Consumers these days are also way more media aware than they used to be. How many of us actually watch TV these days whilst watching our favourite drama on TV? (if indeed anyone actually even watches live TV?) If we do, then we are certainly watching and looking at on our phones simultaneously – a quick scroll through instagram or a casual glance at the latest properties on the market – rightly or wrongly, we live in an ‘always-on’ culture and the inherent pressure to be on top of everything means the way we consume media has changed.
Step forward the millennial – the new buzz word to sum up not just a generation of consumers born between the 1980s and early 2000s, but in fact a large majority of the population. This group of media hungry consumers essentially multi-task with their media consumption and are more driven by seeking experiences rather than a more straightforward consumption of products or services that brands traditionally would have convinced them to buy.
So in today’s ‘connected’ world it’s clear that the role and influence of Marketing and PR plays has changed. Mainly due to the digital revolution, but PR specifically needs to play catch up to maximise it’s perceived value. Journalists are no longer the only powerhouses when it comes to influencing consumers. The explosion of social media has changed the playing field in this space – as these days anyone with a phone can say they’re an influencer….and from festivals to fat free food there of course is an influencer for every specialist area.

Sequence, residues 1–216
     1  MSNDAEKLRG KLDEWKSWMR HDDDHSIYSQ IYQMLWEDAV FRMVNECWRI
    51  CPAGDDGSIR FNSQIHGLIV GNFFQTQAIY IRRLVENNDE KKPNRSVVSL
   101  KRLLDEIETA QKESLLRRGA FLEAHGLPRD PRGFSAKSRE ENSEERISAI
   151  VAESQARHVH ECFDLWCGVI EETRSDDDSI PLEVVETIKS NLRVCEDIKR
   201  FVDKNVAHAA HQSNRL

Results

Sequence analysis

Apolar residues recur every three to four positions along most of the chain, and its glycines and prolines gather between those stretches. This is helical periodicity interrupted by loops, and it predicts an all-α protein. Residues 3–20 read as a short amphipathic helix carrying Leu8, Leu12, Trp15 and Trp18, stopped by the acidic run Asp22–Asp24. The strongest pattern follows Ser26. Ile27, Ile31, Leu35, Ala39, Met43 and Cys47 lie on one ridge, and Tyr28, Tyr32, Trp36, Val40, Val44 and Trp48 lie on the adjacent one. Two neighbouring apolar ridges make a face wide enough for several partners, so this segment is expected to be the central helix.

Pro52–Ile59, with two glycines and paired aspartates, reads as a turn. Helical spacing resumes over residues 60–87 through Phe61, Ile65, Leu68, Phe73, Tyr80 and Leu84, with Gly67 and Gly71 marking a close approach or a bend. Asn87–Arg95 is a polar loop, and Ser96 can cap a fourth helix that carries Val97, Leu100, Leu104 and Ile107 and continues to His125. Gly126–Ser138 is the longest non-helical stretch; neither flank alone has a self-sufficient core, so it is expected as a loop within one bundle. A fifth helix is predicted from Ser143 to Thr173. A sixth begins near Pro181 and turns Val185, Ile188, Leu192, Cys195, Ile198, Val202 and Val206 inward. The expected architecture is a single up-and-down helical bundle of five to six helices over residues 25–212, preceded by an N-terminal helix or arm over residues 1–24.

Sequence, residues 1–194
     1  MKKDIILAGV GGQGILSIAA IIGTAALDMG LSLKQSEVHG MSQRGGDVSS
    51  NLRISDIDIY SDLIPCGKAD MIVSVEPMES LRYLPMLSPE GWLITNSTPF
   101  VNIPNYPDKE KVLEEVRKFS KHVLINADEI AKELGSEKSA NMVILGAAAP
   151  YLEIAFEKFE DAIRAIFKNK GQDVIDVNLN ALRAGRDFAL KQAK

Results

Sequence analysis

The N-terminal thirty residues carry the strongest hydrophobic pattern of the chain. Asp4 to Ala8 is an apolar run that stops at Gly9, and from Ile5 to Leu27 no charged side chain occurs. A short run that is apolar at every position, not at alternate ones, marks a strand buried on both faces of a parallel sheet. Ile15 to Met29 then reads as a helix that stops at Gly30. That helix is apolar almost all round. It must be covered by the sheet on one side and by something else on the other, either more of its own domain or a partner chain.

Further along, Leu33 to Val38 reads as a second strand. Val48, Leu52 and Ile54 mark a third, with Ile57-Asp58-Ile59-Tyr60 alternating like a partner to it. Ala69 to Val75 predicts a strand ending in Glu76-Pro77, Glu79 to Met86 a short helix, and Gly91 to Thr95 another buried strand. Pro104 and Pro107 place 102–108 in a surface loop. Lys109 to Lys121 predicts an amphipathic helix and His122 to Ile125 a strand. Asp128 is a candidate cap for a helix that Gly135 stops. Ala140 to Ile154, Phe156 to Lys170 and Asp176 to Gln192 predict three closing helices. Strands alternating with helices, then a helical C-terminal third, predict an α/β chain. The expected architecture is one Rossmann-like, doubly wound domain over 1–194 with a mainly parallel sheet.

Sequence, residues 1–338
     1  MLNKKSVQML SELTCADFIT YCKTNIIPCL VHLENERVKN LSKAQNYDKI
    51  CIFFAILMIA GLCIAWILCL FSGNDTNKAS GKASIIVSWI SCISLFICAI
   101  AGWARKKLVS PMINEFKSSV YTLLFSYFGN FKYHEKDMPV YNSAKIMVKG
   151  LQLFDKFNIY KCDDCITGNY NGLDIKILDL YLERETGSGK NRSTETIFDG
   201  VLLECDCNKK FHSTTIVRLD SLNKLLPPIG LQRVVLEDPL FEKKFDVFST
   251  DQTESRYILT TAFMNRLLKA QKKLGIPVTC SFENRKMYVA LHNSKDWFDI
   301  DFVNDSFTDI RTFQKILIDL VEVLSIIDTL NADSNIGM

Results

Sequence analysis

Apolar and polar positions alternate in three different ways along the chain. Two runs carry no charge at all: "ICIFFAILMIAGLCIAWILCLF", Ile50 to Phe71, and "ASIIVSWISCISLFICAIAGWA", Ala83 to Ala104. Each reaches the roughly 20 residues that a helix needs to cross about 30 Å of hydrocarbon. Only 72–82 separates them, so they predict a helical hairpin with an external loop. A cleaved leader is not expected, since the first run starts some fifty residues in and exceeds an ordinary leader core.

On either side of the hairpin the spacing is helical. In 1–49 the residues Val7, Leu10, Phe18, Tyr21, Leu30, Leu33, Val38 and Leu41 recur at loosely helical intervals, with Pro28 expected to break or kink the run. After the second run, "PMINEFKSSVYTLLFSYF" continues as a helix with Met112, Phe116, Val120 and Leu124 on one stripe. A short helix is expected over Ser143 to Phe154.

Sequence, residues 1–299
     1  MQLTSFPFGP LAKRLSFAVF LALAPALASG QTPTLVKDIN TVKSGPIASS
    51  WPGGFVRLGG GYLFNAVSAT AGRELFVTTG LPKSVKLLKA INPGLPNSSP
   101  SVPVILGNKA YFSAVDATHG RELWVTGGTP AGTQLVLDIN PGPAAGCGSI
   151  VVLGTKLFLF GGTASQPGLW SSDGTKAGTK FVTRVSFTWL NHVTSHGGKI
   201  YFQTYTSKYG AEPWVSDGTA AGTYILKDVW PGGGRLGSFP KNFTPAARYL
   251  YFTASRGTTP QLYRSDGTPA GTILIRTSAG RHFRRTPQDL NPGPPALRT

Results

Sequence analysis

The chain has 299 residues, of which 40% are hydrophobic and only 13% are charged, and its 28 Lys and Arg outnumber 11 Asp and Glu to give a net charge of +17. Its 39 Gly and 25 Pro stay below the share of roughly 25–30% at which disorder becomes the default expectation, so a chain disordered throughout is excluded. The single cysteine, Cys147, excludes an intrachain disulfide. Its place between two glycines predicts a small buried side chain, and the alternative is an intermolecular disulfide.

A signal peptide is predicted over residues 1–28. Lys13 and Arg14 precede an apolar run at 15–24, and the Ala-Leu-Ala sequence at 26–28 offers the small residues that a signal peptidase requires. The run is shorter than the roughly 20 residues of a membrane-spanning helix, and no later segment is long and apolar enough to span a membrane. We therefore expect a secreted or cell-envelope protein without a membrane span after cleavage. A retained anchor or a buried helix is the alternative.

The term influencer marketing really is just the beginning. It will evolve to where personal brands open doors of possibilities to those trying to engage with an audience. Consumers want visual and emotive imagery to be engaged and captivated by a story. They put a high value on authenticity in terms of communication so brands working with bloggers need to ensure transparency and relevancy (which will become more important than number of likes and follower) to truly captivate this audience.
The role of PRs and specifically the integration of digital PR with influencer and social media management is one area where PR professionals need to focus. Good PR specialists understand they need to align much more with marketing to seize the opportunities the digital environment has provided to continue to deliver results. It’s no longer enough to just send a monthly PR report stating the number of press clippings achieved. PR has to provide qualitative measurement and one benchmark for this is the search engine rankings a brand can command. Google recognise that the power is now in the hands of the consumer and in turn looks to specifically answer a search with professionally written, highly optimised content that immediately satisfies the demanding searcher. This presents another huge opportunity for PR to step up as PR specialists can play a big role in such content creation and can lead the way in delivering highly relevant and engaging content that this digitally savvy audience craves to consume.